Key areas of the Indian Ocean, Bay of Bengal and the Pacific should be designated protected areas in order to safeguard vulnerable coastal communities’ livelihoods, new research published this week reveals.
“Ecological connectivity between the areas beyond national jurisdiction and coastal waters,” led by researchers from the National Oceanography Centre (NOC) and the International Institute for Environment and Development (IIED), demonstrates that coastal communities in least developed countries (LDCs) are highly dependent on key areas of the ‘high seas.” These are the central Indian Ocean (the Mascarene Plateau beyond national jurisdiction), the northern Bay of Bengal and the ‘high seas pockets’ of the Pacific Islands. This is despite their being more than 200 nautical miles from coastlines, which currently are largely ungoverned international waters.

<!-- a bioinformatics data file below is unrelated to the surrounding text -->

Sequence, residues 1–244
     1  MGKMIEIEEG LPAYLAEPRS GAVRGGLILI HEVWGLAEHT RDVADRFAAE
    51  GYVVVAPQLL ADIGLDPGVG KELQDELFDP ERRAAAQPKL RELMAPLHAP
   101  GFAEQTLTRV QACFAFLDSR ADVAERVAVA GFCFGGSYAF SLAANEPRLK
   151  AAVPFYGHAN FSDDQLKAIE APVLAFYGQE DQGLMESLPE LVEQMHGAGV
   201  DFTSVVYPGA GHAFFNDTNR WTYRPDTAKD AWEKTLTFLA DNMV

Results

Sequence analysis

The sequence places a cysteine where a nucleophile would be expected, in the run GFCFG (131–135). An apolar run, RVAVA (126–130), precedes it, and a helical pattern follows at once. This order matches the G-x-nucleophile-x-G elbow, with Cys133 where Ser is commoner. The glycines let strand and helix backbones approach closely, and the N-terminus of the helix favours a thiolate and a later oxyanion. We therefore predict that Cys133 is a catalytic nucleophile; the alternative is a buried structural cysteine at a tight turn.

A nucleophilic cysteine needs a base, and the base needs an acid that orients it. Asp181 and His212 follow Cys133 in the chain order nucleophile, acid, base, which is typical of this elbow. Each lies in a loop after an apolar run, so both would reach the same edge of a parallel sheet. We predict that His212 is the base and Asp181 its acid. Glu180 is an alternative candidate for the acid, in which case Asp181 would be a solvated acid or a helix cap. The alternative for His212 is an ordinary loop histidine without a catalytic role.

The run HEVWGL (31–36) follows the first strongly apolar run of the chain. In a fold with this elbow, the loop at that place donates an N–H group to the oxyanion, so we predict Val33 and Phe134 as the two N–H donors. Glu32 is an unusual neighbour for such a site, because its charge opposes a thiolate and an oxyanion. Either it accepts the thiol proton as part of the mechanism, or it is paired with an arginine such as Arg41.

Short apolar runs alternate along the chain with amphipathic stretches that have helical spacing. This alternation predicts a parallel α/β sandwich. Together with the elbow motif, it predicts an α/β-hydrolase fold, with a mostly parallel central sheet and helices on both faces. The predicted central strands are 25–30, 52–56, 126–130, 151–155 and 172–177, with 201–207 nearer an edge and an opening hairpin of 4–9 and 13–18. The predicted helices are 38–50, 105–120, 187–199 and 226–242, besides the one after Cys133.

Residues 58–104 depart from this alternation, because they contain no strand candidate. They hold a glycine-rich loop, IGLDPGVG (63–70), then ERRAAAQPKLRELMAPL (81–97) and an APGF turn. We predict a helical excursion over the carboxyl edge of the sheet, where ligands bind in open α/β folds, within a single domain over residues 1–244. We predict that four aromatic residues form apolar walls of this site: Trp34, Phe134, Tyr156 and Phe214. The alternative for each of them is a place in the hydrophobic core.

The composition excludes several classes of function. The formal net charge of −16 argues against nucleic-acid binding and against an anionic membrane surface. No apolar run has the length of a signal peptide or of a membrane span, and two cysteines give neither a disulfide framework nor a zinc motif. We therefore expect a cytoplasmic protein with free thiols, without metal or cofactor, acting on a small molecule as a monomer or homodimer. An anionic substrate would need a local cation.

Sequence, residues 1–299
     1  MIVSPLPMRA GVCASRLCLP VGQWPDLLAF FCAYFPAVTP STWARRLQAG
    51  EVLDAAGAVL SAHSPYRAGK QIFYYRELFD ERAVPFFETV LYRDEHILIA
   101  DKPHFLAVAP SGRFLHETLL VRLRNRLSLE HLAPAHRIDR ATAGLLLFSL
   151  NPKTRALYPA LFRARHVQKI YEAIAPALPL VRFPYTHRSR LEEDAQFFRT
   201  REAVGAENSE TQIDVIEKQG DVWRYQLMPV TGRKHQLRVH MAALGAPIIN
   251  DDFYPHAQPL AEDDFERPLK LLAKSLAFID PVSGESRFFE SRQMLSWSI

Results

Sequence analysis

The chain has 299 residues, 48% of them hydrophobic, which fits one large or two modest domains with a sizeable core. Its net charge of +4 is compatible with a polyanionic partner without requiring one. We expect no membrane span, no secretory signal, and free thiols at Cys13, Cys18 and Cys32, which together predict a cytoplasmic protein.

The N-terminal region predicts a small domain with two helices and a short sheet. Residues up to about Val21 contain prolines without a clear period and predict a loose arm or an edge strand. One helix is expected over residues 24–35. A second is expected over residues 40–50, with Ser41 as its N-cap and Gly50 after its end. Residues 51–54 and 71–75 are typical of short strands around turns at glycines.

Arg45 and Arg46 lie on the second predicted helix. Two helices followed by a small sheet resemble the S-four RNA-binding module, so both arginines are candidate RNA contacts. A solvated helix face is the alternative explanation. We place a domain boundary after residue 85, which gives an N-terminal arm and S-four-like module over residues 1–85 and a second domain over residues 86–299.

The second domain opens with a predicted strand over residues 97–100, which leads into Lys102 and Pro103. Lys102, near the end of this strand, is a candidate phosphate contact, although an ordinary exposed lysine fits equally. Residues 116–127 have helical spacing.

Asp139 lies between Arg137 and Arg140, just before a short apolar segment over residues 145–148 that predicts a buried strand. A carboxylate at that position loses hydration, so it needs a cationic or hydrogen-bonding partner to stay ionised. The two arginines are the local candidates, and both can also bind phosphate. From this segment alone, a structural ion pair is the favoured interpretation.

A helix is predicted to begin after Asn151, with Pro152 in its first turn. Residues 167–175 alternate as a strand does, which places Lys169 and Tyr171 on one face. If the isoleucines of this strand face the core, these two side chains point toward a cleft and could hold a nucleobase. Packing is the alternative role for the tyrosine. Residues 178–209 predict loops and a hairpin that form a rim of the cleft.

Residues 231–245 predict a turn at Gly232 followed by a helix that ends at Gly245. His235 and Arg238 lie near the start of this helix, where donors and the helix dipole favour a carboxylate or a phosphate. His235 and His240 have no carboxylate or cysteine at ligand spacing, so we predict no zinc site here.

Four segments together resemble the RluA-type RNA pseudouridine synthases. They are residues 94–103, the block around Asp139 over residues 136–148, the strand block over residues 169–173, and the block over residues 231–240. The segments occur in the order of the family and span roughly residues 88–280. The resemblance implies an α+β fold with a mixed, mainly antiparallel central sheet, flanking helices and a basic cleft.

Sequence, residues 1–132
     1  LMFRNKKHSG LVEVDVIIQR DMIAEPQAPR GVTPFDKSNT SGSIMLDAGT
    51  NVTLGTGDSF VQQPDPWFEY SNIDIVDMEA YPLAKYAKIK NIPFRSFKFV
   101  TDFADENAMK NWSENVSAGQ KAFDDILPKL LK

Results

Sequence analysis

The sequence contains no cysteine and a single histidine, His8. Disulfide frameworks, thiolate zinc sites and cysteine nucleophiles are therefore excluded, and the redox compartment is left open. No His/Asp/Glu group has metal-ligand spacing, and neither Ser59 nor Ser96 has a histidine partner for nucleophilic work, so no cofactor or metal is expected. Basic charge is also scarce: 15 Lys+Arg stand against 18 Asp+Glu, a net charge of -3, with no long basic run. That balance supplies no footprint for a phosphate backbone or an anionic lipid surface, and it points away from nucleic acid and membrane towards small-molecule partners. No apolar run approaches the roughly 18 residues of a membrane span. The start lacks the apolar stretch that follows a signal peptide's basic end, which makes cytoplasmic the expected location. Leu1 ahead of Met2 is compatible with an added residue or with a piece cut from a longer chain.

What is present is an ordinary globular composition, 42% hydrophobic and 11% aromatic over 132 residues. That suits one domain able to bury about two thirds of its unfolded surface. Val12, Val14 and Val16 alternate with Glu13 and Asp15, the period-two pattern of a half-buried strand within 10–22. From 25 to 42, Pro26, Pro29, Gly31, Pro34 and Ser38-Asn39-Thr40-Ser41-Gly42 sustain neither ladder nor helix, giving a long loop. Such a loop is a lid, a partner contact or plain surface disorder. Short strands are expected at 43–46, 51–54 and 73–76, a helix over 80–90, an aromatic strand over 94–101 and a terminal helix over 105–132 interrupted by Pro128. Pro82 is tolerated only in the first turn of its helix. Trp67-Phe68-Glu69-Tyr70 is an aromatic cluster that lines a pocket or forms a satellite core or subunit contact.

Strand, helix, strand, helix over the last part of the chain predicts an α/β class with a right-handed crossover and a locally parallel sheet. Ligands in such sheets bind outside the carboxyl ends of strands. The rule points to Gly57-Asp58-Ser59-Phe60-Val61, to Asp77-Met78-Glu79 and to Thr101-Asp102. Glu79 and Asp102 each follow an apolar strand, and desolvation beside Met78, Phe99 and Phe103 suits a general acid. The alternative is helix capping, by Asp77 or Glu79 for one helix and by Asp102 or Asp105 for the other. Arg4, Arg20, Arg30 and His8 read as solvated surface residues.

These areas are critical to the overall livelihoods of coastal LDCs for employment, food supply and income opportunities. They are also crucial to the life cycles of fish stocks, their development and migration as well as for carbon sequestration, which is a key process for mitigating climate change and sea level rise. Many areas of the high seas are already being impacted by pollution, including from plastic contamination and shipping, overfishing, mining and geoengineering experiments.